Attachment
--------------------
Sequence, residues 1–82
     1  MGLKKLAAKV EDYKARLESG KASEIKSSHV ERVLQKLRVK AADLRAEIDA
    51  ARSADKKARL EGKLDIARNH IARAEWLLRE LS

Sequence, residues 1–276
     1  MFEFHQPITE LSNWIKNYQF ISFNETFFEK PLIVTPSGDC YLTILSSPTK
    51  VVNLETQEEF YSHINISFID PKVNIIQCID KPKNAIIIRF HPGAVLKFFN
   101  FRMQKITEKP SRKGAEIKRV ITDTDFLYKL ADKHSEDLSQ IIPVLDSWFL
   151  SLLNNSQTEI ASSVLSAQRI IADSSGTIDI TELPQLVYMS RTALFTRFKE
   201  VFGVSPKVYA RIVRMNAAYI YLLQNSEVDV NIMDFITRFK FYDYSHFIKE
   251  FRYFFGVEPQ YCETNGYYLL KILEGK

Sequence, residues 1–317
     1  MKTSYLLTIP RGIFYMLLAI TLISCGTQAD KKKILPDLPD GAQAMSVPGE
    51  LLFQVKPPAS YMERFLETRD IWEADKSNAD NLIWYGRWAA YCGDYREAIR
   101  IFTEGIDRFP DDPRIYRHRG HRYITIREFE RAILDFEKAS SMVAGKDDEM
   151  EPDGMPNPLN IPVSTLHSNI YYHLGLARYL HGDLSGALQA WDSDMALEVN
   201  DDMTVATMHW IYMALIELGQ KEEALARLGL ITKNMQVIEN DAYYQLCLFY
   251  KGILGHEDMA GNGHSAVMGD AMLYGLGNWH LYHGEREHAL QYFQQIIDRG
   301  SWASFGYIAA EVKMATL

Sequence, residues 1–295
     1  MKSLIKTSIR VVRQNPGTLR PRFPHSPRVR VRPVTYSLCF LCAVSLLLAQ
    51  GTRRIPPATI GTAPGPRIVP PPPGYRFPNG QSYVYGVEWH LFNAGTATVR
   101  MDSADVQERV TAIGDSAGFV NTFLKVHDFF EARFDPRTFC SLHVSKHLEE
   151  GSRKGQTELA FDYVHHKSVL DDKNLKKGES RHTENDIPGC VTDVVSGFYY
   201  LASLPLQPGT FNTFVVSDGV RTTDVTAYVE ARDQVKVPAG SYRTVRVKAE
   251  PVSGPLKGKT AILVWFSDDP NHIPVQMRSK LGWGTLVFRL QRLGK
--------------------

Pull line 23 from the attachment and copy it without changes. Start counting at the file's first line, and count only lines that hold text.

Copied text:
   151  GSRKGQTELA FDYVHHKSVL DDKNLKKGES RHTENDIPGC VTDVVSGFYY